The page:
Yet, today, 100,000 people a year are shot with a gun and about 33,000 of them die from it every year, and we have one side calling for an impractical ban and the other side claiming we can do nothing because of their ignorant misinterpretation of the Second Amendment and a gun lobby that only cares about sales figures and doesn’t care one whit about saving lives.
Because both sides are completely irrational, the rational among us have to take control of this debate and insert logic into it. Having more guns does not mean greater safety; that is completely illogical. At best, more guns means more “accidents,” and that means more unnecessary deaths. The more guns there are, the more guns will be left lying out where a toddler can play with it and shoot himself or someone else.
On the other hand, most farmers and ranchers are armed with shotguns and pistols, and there are few incidents in which a farmer has gone into a school and shot several dozen students. I have been around gun owners most of my life and I have never felt threatened, therefore, the idea of getting rid of all the guns is equally as insane.
We need common sense. This is what we need, in my opinion:
- Every gun buyer should be subject to a thorough background check.
- Every gun should be registered and tracked. Think of it as a “pink slip” for each gun, so that we know who owns what at a given time.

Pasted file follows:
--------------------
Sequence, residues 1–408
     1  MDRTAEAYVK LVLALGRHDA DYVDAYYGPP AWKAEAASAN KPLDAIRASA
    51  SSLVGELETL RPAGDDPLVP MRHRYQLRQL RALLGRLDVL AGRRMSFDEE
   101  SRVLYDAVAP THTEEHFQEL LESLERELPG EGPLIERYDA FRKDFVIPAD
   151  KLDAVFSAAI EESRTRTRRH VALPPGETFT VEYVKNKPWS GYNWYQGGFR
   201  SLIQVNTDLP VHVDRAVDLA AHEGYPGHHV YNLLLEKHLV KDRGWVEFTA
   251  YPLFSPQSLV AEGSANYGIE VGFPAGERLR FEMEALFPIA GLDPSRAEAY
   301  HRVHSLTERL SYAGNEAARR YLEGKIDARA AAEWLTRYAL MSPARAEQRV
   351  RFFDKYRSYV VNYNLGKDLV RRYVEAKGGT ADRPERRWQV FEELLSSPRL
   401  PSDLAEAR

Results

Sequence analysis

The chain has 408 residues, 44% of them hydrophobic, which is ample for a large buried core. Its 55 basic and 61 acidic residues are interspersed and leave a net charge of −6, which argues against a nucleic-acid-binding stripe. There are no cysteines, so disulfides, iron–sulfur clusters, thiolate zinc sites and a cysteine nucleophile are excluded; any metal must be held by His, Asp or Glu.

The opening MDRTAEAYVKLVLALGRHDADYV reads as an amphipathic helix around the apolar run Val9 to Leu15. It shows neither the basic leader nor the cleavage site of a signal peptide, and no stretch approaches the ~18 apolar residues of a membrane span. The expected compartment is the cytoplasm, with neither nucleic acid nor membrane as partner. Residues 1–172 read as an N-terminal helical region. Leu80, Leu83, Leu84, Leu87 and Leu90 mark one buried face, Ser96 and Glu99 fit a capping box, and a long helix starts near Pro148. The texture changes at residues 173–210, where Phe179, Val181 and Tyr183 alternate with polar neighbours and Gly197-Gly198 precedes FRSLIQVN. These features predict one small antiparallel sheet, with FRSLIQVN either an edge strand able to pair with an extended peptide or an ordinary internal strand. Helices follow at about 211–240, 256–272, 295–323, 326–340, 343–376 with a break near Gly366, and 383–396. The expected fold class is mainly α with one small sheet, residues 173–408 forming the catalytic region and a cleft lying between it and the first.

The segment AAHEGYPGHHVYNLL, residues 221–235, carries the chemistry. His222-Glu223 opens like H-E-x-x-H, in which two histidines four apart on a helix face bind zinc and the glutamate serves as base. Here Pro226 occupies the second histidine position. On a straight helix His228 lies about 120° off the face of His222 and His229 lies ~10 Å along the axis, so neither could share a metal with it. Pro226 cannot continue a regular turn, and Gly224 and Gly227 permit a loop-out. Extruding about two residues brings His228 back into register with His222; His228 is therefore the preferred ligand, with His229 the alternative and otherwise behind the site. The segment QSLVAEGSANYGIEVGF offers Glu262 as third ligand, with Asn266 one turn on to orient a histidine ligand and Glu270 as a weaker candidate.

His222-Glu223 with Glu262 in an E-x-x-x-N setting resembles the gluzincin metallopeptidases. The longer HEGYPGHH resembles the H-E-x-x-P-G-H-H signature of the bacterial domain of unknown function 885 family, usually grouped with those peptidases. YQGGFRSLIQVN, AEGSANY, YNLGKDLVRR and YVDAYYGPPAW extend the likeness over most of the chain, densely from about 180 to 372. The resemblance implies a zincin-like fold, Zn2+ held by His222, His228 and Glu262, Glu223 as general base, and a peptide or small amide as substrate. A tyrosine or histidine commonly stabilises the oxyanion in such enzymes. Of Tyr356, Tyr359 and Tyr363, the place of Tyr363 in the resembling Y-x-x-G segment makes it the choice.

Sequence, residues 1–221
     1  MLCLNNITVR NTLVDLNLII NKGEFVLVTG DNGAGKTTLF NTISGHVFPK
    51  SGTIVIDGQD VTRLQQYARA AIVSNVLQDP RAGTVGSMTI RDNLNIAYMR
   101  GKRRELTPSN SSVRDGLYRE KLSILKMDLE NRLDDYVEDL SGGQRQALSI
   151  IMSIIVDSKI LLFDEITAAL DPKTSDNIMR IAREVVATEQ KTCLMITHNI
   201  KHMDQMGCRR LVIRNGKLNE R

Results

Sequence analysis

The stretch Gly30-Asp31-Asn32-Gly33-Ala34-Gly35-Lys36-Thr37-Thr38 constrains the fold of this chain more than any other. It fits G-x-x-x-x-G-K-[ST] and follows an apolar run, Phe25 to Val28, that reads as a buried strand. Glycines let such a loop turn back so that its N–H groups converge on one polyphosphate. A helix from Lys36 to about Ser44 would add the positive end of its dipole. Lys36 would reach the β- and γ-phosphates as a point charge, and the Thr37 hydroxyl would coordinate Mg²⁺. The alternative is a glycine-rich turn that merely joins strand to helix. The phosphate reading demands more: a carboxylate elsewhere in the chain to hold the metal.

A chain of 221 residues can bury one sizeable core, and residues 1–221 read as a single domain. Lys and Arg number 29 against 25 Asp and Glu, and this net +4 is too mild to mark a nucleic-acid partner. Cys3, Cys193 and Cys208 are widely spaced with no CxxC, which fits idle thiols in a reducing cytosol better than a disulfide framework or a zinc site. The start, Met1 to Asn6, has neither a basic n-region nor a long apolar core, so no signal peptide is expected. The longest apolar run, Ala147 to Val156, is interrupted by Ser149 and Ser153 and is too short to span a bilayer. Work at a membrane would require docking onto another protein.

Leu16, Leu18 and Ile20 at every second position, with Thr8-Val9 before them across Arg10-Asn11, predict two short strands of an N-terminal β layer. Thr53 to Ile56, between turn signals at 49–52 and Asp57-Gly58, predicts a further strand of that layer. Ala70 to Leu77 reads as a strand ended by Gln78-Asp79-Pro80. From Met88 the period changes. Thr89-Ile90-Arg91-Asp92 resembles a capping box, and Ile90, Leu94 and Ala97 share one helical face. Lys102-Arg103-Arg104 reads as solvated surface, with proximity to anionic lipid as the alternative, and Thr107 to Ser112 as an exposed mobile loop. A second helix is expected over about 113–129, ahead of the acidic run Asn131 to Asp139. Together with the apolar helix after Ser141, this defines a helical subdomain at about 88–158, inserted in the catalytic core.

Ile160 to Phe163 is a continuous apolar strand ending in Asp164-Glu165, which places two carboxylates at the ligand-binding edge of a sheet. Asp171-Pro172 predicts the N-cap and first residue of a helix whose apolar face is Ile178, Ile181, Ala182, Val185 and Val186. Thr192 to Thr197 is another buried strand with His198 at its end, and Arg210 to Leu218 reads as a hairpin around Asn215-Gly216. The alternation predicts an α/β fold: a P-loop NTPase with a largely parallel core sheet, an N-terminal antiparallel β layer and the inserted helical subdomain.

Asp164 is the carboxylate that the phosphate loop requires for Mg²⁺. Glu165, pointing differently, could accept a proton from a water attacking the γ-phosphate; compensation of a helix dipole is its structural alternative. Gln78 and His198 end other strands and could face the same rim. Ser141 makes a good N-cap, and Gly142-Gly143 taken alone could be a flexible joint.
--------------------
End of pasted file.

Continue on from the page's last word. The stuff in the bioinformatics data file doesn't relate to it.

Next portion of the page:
- Every gun owner should be licensed, to make sure they know the basics of gun safety.
- Every gun owner should be held responsible for the firearms that are registered to them, including keeping it in a safe and out of the reach of others, especially small children and the mentally ill.
- Every gun owner should be held responsible for the damage done by their gun, including insurance.
- Every gun owner should have to report a stolen gun immediately. They should also have to record every transfer of ownership and background check the person they’re selling to.
- Gun owners should be subject to limits on ammunition. No one should be able to easily accumulate thousands of rounds of bullets without law enforcement knowing about it.
- And all gun makers should be subject to the same level of liability as the manufacturers of any other consumer product. Right now, the makers of toasters have more stringent standards than the makers of guns and that is also insane.
The only way we should all be talking about guns is rationally and with common sense. Everyone needs to be responsible, not reactionary.
Originally published at .